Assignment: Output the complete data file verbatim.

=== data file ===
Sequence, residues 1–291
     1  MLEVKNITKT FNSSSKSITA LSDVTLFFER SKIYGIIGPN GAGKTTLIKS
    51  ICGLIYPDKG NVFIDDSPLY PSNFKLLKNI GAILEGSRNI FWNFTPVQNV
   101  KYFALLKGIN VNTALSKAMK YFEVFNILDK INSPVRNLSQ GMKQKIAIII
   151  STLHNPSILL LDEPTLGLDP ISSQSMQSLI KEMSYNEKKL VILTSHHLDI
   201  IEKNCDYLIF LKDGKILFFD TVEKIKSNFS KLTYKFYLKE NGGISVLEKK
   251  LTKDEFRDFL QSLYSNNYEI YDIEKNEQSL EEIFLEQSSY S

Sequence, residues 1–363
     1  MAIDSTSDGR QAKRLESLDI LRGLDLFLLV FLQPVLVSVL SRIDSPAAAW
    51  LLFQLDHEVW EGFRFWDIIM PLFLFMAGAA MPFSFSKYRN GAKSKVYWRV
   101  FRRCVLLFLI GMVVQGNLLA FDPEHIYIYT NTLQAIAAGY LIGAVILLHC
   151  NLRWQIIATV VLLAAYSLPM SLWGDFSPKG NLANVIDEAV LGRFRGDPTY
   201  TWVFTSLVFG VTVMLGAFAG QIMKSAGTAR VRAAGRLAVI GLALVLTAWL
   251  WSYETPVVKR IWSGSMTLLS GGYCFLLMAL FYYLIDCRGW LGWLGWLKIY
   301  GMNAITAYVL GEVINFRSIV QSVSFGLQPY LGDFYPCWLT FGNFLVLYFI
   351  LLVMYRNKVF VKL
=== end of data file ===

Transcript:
Sequence, residues 1–291
     1  MLEVKNITKT FNSSSKSITA LSDVTLFFER SKIYGIIGPN GAGKTTLIKS
    51  ICGLIYPDKG NVFIDDSPLY PSNFKLLKNI GAILEGSRNI FWNFTPVQNV
   101  KYFALLKGIN VNTALSKAMK YFEVFNILDK INSPVRNLSQ GMKQKIAIII
   151  STLHNPSILL LDEPTLGLDP ISSQSMQSLI KEMSYNEKKL VILTSHHLDI
   201  IEKNCDYLIF LKDGKILFFD TVEKIKSNFS KLTYKFYLKE NGGISVLEKK
   251  LTKDEFRDFL QSLYSNNYEI YDIEKNEQSL EEIFLEQSSY S

Sequence, residues 1–363
     1  MAIDSTSDGR QAKRLESLDI LRGLDLFLLV FLQPVLVSVL SRIDSPAAAW
    51  LLFQLDHEVW EGFRFWDIIM PLFLFMAGAA MPFSFSKYRN GAKSKVYWRV
   101  FRRCVLLFLI GMVVQGNLLA FDPEHIYIYT NTLQAIAAGY LIGAVILLHC
   151  NLRWQIIATV VLLAAYSLPM SLWGDFSPKG NLANVIDEAV LGRFRGDPTY
   201  TWVFTSLVFG VTVMLGAFAG QIMKSAGTAR VRAAGRLAVI GLALVLTAWL
   251  WSYETPVVKR IWSGSMTLLS GGYCFLLMAL FYYLIDCRGW LGWLGWLKIY
   301  GMNAITAYVL GEVINFRSIV QSVSFGLQPY LGDFYPCWLT FGNFLVLYFI
   351  LLVMYRNKVF VKL